Many keepers do not have an issue with convincing their chameleon to eat in captivity.
You should feed 15 to 30 crickets four times a week. You can also feed wax worms or giant mealworms.
Any invertebrates you feed should not be larger than your chameleon’s head and should be gut-loaded.
When feeding your chameleon you can either put their food in a shallow dish or feed them by hand.
In the wild Panther Chameleons enjoy licking morning dew drops and raindrops. You can encourage this behavior in captivity by misting their enclosure 2-4 times a day.
Alternatively, Chameleons are attracted to dripping water.
You can teach them to drink from a small water dish with slow-dripping water. To build a simple water drip system fill a plastic cup with water and poke a small hole in the bottom and fix it above the dish.
Any invertebrates you feed should be dusted with calcium supplements.
One of the more complicated parts of a Panther Chameleon’s nutrition is their vitamin A and D intake and metabolism.
Vitamin A can be fed as a supplement or as vegetables. Feeding carrots, yams, or leafy greens is controversial because there is no evidence that feeding vegetables are any better than a supplement. However, it has been proven effective in other reptiles.
Vitamin D is a more complicated nutrient that is essential for their growth and development.
A vitamin D supplement should be fed to adults if they do not get adequate amounts of UVB light exposure from their habitat. It should not be fed to neonates, they should instead be fed micro crickets and drosophila flies.
Lifespan & Health
The best way to keep your Panther Chameleon healthy is to provide a good habitat and routine husbandry in a low stress environment.
Chameleons are not typically healthy when kept in captivity because they are highly susceptible to stress and environmental changes. Sometimes this stress can be too much for them and lead to death.
Females do not live very long in captivity and can die within months.
Males are hardier than females and can live as long as seven years. However, they typically live for two to three years.
The most common health problem is hypovitaminosis A. It can lead to blindness but is easily avoided by supplementing vitamin A in their diet.
Metabolic bone disease is also a common disease found among reptiles and can be avoided by dusting a calcium supplement onto insects before feeding.
Wild caught chameleons are prone to having internal parasites. This should not be a problem for the Panther Chameleon as it is illegal to catch them in Madagascar.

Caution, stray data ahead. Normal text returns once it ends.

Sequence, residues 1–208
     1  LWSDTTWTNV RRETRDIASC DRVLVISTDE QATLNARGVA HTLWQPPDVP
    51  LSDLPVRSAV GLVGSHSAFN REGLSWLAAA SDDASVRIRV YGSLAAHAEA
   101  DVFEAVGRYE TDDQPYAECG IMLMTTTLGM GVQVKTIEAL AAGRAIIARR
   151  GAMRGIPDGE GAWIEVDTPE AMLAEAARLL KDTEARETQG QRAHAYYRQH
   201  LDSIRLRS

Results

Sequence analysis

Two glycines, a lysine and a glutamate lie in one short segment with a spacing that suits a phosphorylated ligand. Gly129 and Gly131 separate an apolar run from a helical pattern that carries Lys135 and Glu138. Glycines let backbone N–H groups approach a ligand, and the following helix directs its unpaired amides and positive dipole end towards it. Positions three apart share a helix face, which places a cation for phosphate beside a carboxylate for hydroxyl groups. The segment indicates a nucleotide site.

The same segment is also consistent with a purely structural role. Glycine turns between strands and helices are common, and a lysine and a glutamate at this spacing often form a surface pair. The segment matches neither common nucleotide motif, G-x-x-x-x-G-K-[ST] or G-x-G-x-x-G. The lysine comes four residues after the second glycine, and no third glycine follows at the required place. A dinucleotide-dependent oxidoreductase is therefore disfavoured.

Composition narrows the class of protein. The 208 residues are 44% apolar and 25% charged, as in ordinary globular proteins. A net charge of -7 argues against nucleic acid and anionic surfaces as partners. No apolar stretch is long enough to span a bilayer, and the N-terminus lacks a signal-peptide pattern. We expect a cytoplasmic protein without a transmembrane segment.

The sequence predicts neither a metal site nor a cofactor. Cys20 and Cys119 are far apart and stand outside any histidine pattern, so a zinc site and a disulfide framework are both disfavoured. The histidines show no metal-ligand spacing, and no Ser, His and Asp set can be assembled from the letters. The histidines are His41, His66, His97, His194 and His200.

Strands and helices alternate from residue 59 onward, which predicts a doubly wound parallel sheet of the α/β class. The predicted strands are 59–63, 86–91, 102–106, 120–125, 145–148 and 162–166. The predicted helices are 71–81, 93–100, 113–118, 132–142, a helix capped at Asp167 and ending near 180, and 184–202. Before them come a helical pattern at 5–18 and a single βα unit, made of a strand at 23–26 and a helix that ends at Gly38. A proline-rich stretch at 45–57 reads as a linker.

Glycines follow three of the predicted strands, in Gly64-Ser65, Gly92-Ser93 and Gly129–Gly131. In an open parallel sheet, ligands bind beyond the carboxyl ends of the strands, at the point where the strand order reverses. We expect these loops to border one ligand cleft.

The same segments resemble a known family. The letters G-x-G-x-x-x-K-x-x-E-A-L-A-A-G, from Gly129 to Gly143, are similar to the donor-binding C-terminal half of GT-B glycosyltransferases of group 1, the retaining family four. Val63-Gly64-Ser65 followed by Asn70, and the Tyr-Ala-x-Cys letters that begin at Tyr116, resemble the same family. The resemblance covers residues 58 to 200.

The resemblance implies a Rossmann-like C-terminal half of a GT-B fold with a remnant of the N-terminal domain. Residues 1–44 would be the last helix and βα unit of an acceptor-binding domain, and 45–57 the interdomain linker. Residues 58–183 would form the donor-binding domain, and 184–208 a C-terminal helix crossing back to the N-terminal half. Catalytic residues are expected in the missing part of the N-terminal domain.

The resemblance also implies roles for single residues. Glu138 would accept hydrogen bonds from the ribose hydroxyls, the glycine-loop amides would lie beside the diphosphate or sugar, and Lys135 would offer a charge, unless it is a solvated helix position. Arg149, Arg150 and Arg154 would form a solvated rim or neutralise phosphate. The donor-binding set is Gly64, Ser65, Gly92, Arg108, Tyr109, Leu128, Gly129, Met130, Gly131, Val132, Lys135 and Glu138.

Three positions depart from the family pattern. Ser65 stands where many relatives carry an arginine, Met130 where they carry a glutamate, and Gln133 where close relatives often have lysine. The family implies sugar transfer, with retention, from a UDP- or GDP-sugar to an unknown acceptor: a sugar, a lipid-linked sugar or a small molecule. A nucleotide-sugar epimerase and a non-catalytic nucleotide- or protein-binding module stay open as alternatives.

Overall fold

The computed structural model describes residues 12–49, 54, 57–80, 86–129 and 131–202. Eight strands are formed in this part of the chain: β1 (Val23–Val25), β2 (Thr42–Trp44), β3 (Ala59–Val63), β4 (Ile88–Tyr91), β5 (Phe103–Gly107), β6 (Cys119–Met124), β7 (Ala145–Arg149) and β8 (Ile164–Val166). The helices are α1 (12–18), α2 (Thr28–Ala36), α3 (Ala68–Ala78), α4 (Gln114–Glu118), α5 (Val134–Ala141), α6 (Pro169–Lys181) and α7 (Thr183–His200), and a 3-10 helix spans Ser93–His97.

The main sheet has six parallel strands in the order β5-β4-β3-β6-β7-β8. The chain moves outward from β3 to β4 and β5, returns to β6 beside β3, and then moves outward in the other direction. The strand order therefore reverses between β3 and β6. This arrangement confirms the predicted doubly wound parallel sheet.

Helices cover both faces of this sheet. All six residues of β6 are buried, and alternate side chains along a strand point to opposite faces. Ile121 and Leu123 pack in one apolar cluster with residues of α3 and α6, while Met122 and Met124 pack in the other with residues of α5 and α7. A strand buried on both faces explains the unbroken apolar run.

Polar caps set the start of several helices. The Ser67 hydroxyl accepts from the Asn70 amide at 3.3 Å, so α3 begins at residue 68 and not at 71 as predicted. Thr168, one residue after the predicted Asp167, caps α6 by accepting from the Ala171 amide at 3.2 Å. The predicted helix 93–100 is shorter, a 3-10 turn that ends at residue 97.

Signs They Are Healthy
- Bright and vibrant colors.
- Regularly climbing branches.
- Tongue is quick-moving when eating.
- No obvious skin lesions or infection.
- Eyes move easily around the socket.
- Poor coloration.
- Thin and losing weight.
- Refusing to eat.
- Regurgitating food.
- Pale mucous membranes.
Panther Chameleon Habitat
This reptile is native to northern Madagascar, an island located east of South Africa.
Panther Chameleons thrive in warm, humid climates with very little fluctuation in weather patterns or temperature.
In the wild they live in short trees, shrubs and bushes on the edges of larger forests.
Environmental changes cause Chameleons lots of stress so it is essential that you provide a habitat that mimics their natural one.
Panther Chameleon Cage Size
Chameleons need lots of space to be happy. Females should be housed in an enclosure that is 40-gallons in size. Males need a larger habitat that is at least 50-gallons.
- Tank Type: wire mesh.
- Tank Size: 50-gallon.
- Lighting: fluorescent and UVB.
- Substrate: reptile carpet.
It is important their cage is made from wire mesh with a wooden or metal frame. The wire mesh should be coated in plastic to avoid rusting.
The holes in the mesh should be half an inch squared. This cage will allow for proper ventilation and keep them calm and relaxed. It will also provide a visible barrier to keep them in.
Avoid using aluminum or hardware cloth as it may damage their feet.
Unlike many reptiles Chameleons should not be housed in a plastic or glass cage because they are not well ventilated and may lead to skin or eye infections. They can also become stressed if they see their own reflection in the glass.
The top of their cage should be six feet off the ground so they are at eye-level.
Lighting requirements for a Panther Chameleon are often misunderstood.
Many keepers use a fluorescence lamp for lighting and seeing into their enclosure. Studies have shown that using lights that emit UVA waves is detrimental to their growth because it degrades vitamins and suppresses their appetite.
Panther Chameleons need UVB lighting.